TRAVEL | Pompeii & Vesuvius | Summer 2017

In 2005 I lived in Cambridge, England, and instead of Sophomore year of American high school, I was in Year 11 in the UK. One of the classes I recall best was "Classics", and one of the subjects I remember most vividly was the ancient Roman city of Pompeii. A brief history lesson: on the 24th of August AD 79, the volcano (pictured in many of the photographs below) Mount Vesuvius, erupted violently. The explosion sent a plume of ashes, pumice, rocks, and scorching-hot volcanic gases rocketing into the air so high that it was visible for hundreds of miles surrounding the volcano. Much of what we know about the event came from the writer Pliny the Younger, who witnessed the explosion. He recounted the enormity of the event, saying “I believed I was perishing with the world and the world with me.” Pliny's account of the event was proven true in the 18th century when the ruins of Pompeii were uncovered during excavations of the region. While it didn't make much of a difference for those who perished in the first century, archeologists, historians, and tourists benefit greatly from the method of Pompeii's destruction - burial in volcanic ash, not lava flow, covered the town, providing an almost perfect preservation of the ancient town.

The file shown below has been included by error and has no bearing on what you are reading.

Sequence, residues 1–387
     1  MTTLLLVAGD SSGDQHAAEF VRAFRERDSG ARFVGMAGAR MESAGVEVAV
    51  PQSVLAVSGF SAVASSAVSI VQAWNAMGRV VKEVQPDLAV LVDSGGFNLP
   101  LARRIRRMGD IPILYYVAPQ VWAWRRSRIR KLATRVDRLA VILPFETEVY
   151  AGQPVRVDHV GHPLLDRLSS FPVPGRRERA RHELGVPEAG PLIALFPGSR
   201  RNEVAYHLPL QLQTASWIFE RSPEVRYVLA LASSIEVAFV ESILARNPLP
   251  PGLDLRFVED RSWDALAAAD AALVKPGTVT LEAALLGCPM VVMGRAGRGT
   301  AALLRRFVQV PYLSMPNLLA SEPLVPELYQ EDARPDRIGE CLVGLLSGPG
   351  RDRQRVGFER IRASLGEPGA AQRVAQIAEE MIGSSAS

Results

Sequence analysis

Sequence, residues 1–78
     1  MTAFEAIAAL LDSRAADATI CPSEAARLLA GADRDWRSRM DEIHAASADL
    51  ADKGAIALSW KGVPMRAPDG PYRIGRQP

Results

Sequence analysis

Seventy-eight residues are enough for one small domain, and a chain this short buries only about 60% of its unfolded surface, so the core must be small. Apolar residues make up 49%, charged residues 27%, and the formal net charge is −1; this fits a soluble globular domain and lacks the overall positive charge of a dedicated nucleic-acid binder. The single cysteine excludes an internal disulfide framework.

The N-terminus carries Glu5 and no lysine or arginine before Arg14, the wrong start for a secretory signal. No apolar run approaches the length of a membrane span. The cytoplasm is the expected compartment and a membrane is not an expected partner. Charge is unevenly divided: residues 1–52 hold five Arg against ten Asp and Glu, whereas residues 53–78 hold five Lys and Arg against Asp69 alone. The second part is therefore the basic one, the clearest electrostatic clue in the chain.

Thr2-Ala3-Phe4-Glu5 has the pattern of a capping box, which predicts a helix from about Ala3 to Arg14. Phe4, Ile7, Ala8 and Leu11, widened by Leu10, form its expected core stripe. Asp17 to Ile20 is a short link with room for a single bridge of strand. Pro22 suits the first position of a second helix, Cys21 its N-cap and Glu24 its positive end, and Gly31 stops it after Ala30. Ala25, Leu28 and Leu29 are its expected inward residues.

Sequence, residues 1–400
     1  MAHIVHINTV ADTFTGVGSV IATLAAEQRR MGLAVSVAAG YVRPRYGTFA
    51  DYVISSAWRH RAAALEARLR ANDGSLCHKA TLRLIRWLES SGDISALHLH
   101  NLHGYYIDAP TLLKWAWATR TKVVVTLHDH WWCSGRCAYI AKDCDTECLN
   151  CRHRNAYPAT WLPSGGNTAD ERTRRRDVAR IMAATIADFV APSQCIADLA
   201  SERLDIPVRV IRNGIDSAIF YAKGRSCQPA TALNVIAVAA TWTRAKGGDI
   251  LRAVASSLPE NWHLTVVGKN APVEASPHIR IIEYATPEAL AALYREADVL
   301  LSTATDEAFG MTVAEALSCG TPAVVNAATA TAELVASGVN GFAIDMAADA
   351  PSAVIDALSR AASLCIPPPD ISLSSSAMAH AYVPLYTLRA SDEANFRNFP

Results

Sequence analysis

The refrain on my mind the whole visit: "if you close your eyes does it almost feel like nothing changed at all?" Visiting Pompeii is an unreal experience. The buildings, roads, technology, tools, even the people were preserved, providing a detailed time capsule of the culture and history of Ancient Rome. Walking around the ruins feels like walking back in time. Leaving Pompeii, we climbed Vesuvius itself, which is an eerie experience in some ways, since it is expected that, as an active volcano, it may erupt at any time. I strongly suggest you visit Pompeii sooner than later if you can, since, well, it may be "de-excavated" in the not too distant future...

All pictures by Karl Magnuson
Canon 60D

Canon EF 50mm f/1.2L, Canon EF 17-40mm f/4L